The microbiome is an aspect of nutrition that often gets overlooked, especially in the athletic community. However, our bodies have co-evolved with thousands of species of bacteria, to the point where we now rely on their function to optimise our health. Providing your microbiome with the proper nutrients can have vast implications on your health and your ability to achieve peak performance.
What is the microbiome?
There are trillions of bacteria, fungi, and other microorganisms living in and on your body. This assortment of microbes is called the microbiome, and it plays several important roles when it comes to your health. Your body contains more bacterial cells than it does human cells, of which there are over 1,000 different species. Most of these bacteria are found in the large intestine and are referred to as the gut microbiome .
The role of the microbiome in the body
The bacteria inside the human gut have been found to play numerous roles in supporting and optimising your health. In some cases, the mechanisms behind these benefits are not fully understood; however, the relationship between the microbiome and human health becomes more apparent as research into this area progresses.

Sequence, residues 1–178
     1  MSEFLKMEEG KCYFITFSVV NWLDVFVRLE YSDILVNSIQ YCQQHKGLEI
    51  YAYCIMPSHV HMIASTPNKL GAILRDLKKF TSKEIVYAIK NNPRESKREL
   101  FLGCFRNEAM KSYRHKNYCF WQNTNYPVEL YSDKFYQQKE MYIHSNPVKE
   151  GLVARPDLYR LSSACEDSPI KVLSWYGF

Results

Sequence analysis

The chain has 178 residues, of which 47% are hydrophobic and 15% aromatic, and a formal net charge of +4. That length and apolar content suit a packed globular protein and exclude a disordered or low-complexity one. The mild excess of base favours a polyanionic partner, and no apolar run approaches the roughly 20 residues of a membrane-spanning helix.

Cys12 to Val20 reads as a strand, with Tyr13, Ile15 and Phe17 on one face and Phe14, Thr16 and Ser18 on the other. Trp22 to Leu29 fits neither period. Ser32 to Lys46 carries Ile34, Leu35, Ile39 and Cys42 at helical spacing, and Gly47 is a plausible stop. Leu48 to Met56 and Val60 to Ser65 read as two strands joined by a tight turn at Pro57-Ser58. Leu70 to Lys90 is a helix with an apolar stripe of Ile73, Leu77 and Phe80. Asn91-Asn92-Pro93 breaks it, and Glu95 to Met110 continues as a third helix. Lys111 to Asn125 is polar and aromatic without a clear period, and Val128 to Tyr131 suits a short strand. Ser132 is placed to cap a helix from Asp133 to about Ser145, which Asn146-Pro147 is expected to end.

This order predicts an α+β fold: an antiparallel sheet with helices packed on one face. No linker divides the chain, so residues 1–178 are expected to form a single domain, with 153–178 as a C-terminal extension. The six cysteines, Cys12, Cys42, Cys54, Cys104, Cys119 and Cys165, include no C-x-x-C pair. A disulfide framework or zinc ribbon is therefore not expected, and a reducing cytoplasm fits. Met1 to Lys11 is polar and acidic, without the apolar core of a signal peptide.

- Aiding digestion.The bacteria in the gut contribute to digestion and promote the absorption of food for host energy production. Gut bacteria digest fibre that would otherwise be indigestible by the human body. These fibres are a type of complex carbohydrate and are referred to as prebiotics, as they essentially act as food for the microbiome. Prebiotics stimulate the growth and activity of bacteria in the gut and are essential for their function and survival .
- Postbiotics production.When bacteria digest prebiotics, the process not only aids digestion but also produces beneficial end products that the host can utilise. These end products are referred to as postbiotics, and their effects contribute largely to the importance of the microbiome. One such example is the production of short-chain fatty acids (SCFA’s) as a by-product of carbohydrate fermentation. SCFA’s can be utilised as an energy source, and it is estimated they contribute to around 10% of your body’s overall energy demands .